+1 Galastel; your "barabarian" might find those towering buildings just foolish, he doesn't automatically see any advantage in them at all, they isolate people, they are hard to climb, you are trapped in them if attacked, and on and on. The same for other technology, you need to understand that he doesn't understand the problem these "amazing" things actually solved in our past, and without understanding what they DO, they may seem to him a frivolous waste of time and effort.
Primitive tribes tend to be relentlessly social people, other people are their whole life, their entertainment, absolutely necessary for their survival. The tribe is their partnership and they spend their day doing their part, whatever that is. They wouldn't like this modern world where people are independent, enjoy being alone, don't talk to each other and are actively unfriendly, always in a rush to be somewhere as if life is a constant emergency. Some of the conveniences might be fun (moving fast, flying, food on demand), but they would probably tire of the amusement park aspect and want some company and normality.
Also you have to deal with human psychology: Amazement doesn't continue; after about 90 minutes, an intelligent person will just accept they don't know how things work, but also will recognize these new people aren't creating these new things with any effort, they take everything for granted, and so should they. An intelligent person will switch from amazement to "exploration and experimentation" very quickly, and learn the basics very quickly. They will be riding the subway within days.
That is the basics of acclimatization; your primitive's amazement will be fairly rapidly replaced by the thoughts, "what useful purpose does this serve, how do I control it, how does it communicate to me?"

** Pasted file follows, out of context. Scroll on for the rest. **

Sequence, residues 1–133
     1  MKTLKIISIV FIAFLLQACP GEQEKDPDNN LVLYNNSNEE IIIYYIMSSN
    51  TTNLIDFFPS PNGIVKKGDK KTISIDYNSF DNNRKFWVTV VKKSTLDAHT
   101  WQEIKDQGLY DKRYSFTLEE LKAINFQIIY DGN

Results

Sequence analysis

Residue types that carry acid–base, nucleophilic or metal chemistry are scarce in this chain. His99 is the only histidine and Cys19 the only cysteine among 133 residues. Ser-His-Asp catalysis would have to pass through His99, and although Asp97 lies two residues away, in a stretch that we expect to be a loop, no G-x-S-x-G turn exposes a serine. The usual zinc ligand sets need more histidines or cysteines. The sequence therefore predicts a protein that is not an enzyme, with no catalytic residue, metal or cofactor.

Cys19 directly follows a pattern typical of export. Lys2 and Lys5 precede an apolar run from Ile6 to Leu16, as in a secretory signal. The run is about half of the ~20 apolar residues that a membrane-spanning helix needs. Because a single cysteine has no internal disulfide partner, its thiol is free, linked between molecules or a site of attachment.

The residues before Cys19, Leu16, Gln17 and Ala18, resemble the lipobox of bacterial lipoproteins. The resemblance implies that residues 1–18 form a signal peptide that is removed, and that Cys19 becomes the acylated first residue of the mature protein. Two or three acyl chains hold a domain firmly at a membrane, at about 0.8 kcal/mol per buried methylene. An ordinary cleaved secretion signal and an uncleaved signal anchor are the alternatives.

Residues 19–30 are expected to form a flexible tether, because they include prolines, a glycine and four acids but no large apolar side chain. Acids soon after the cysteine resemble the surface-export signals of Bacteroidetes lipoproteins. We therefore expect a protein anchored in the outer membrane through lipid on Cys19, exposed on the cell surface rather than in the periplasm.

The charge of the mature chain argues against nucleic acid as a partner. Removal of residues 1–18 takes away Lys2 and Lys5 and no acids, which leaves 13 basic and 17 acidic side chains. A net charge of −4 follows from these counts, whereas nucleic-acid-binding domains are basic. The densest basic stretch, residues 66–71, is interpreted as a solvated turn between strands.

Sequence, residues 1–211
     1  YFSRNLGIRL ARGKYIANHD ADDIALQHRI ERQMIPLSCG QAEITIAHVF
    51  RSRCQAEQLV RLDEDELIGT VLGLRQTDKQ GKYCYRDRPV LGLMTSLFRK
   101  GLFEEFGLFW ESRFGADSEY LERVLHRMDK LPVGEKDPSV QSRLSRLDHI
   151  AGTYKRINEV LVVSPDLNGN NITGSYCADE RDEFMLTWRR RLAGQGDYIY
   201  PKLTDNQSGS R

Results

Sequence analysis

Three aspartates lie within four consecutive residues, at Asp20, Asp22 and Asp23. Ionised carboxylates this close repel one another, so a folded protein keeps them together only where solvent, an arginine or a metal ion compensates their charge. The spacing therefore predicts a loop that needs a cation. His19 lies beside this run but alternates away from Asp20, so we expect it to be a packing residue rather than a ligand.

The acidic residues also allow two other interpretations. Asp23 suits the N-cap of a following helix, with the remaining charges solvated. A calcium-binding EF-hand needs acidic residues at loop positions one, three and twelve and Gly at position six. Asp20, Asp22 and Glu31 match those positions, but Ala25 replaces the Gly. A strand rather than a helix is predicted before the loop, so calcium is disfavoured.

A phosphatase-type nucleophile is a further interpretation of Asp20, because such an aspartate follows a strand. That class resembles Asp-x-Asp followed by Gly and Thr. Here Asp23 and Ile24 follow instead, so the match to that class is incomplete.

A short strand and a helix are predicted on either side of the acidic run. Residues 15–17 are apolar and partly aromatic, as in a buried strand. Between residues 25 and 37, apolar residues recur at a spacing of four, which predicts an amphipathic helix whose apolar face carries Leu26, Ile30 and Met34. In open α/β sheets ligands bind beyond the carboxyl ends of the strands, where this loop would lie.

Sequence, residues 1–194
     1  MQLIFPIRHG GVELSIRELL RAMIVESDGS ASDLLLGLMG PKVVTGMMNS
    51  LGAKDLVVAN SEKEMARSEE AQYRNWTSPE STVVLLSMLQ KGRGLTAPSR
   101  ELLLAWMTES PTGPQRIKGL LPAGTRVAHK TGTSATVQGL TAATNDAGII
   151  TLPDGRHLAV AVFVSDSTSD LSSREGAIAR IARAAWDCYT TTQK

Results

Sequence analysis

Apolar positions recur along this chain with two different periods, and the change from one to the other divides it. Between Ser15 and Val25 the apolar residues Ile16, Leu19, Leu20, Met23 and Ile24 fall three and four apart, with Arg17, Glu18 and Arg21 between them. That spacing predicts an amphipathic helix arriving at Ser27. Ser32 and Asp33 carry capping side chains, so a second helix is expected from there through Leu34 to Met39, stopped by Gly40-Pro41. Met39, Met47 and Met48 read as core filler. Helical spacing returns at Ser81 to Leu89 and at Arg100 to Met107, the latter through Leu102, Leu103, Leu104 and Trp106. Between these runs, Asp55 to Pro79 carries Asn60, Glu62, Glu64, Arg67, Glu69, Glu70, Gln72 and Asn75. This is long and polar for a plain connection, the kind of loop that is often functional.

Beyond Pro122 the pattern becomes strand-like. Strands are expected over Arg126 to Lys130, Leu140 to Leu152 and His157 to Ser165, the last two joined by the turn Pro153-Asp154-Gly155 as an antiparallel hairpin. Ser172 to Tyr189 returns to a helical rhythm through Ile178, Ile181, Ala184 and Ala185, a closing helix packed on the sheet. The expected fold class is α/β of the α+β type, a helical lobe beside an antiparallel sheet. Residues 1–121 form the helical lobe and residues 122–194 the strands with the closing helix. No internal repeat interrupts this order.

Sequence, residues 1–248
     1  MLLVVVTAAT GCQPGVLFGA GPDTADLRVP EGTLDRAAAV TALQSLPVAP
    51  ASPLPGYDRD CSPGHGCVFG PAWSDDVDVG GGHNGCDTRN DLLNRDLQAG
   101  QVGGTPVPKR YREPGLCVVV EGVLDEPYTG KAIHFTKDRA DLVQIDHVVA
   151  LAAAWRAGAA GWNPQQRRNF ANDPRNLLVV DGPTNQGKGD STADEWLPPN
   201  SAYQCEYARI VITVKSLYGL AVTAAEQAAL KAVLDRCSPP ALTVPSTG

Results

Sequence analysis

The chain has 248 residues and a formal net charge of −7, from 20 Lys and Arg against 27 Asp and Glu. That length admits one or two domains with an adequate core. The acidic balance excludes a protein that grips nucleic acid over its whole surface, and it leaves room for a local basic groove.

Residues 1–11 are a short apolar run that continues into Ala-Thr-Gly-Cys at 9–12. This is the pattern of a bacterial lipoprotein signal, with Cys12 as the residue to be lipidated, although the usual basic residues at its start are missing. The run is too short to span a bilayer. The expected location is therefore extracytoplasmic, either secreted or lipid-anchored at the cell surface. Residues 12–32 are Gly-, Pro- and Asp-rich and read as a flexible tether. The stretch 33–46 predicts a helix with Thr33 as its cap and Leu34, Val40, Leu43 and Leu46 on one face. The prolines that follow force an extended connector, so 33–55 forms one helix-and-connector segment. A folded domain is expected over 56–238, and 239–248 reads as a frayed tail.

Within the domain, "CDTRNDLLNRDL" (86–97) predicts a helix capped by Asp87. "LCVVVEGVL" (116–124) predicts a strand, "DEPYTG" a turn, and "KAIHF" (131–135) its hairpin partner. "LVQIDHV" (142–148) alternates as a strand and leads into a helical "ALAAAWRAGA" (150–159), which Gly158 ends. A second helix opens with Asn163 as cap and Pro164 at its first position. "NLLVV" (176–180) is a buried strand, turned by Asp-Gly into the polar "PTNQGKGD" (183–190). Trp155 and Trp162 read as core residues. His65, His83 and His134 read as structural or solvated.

Simple things like an elevator will be learned quickly. If he can't read numbers, then remember primitive people that don't rely much on a written language rely on their memory; they have a phenomenal positional memory and navigational sense. So he might not know "27" means the 27th floor, but he will accurately memorize the symbol and the position of the button and the sequence of buttons to push on first exposure.
It is fine to write about amazement and wonder upon first exposure, but it isn't realistic for that to persist for more than a day or two. Then your primitive will likely settle into an analytic problem-solving mode of thought for dealing with his new environment. He will be inured to all new amazements and see them all for what they are -- tools.
And finally, he will likely be pining for his old and more familiar environment, for two reasons. First, because to him, that required far less mental work to get through the day. Second, due to a lifetime of training, he felt emotionally rewarded by the daily accomplishments of his old life, like hunting and killing dinner, connecting and playing or joking with people, the constant physical exercise of walking and working, the mutual admiration society of his tribal peers that produces a tangible sense of familial belonging. All those things have been taken away from him, especially people that understand him well enough to be actual friends.